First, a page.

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Career

‘Down syndrome hasn’t stopped me being a girl boss’ shares make-up consultant Leisel Shepherd

''Just seeing my happy customers makes me happy too.''

By Fleur Guthrie
With an infectious grin, Leisel Shepherd will tell you that her main loves in life are her mum, make-up and making videos for social media. And she now gets to work with all three every day!
Defying doctor's "expectations" for a bleak future, the 20-year-old has Down syndrome, but her developmental delays haven't stopped her from going into business as a Nutrimetics consultant, serving up skincare tips to the many customers she's become a hit with.
"This job has been life-changing for Leisel," says mum Brenda, 53, who works alongside her in a supportive role from their home in Red Beach, north of Auckland.
"It's boosted her confidence, improved her speech and it's been a safe way to try and give her independence out in the community with other adults.
Mum and daughter make a formidable make-up team.
"She's blossomed. We answer emails together and she's learning to put the orders into the computer. There's been no negative feedback. Customers have only commented on how bright and enthusiastic she is."
"Don't forget fun," interjects energetic Leisel.
"Yes, and she adores doing live selling videos too – you never know what random tangent she'll go off on, but it's entertaining. Her humour and joy for life melts my heart every day. I'm so proud of her."
"I'm proud of you too Mum!" enthuses Leisel, who is the first sales consultant with this type of condition to work for the international beauty company.
"Neither of us had done anything like this before, so it's a big learning curve for both of us, but we are having such a great time," adds her mum.
Leisel agrees. "I like unpacking boxes to assemble and distribute orders, as well as practising putting my make-up on without any help."
She also uses her dad Paul, 52, and brothers Alex, 22, and Hunter, 18, as guinea pigs, trialling her clay masks.
"Mum and I do lots of skincare treatments for ladies. And I love get-togethers in cafés because then I get to have cake!" Leisel laughs. "Just seeing my happy customers makes me happy too."
Leisel is no wallflower either. At a recent company conference in Australia, she decided to get up on stage to dance along to a bagpipe performance, which got the crowd of 350 cheering.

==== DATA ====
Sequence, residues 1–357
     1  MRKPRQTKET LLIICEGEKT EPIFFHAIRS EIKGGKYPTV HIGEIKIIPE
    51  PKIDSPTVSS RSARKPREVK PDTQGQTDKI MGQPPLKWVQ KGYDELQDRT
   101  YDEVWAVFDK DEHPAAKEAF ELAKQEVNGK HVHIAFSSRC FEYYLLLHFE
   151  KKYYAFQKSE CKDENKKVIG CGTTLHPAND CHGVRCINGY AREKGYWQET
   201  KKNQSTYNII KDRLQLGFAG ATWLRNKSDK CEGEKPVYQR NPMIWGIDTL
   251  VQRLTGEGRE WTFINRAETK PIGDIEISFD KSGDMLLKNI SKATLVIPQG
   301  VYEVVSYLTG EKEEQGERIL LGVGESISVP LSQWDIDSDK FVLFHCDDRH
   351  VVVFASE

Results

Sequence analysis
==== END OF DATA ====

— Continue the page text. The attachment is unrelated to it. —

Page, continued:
"That's because I'm a rock star," she exclaims.
Leisel with her supportive family (from left) Paul, Alex, Brenda and Hunter.
Speaking to Woman's Day ahead of World Down Syndrome Day on March 21, Brenda says she wasn't given much hope for her daughter's future during the pregnancy.
"Paul and I went for the 18-week scan and the radiographer told us, 'We can see there's something wrong with your baby's heart,'" she recalls.
"They took us into another room and a specialist came to speak to us. He said, 'Your baby has this, this and this' – listing off the things that were wrong, and finished by saying, 'You should think about a termination' and then left.
"We were in total shock. You never know what you're going to be like in that situation, but I couldn't think about having a termination."
The determined mum visited her obstetrician, who told her that 60% of children with her baby's heart condition have Down syndrome.

The then-Christchurch-based couple decided to have an amniocentesis (a medical procedure used primarily in prenatal diagnosis of chromosomal abnormalities), where Downs was confirmed.
In New Zealand, between 50 and 80 babies are born with the condition each year.
Brenda continues, "We kept having scans to monitor her heart because they didn't know if they could fix it or not. She had a wall missing in her heart and only one mitral valve instead of two.
"At the last scan, we were told that anything they could do would only be palliative. I used to talk to Leisel in my tummy and tell her, 'You're not allowed to die!' I always had faith she would survive and be OK."
Leisel was delivered by elective Caesarean at 38 weeks, where doctors discovered they were able to fix her heart and successfully carried out surgery two months later.
The newborn after a heart op.
"I was really brave, wasn't I Mum?" gushes Leisel, looking through an album filled with photos of her as a baby attached to copious wires and tubes.
More heart surgery was needed when the girl turned 10, to repair a leaky valve.
"Right from the pregnancy, the heart problems were always more of a concern to us than Down syndrome, which is a hard thing to have, but it's not a bad thing," tells Brenda.
"Leisel's brought joy to our family and togetherness. We've had to stick together as a team because of not having any extended family in Auckland.
"We've always treated her like she was one of us and have tried to treat her age- appropriately, just with allowances and not baby her."

A confident swimmer, Leisel is also hoping to one day qualify for the Special Olympics in freestyle and breaststroke.
But first, there's her 21st birthday celebration to plan for later this month.
Sharing her wish list with readers, the birthday girl tells, "I want two things: a big party with all the people I love and an ice-cream maker!"

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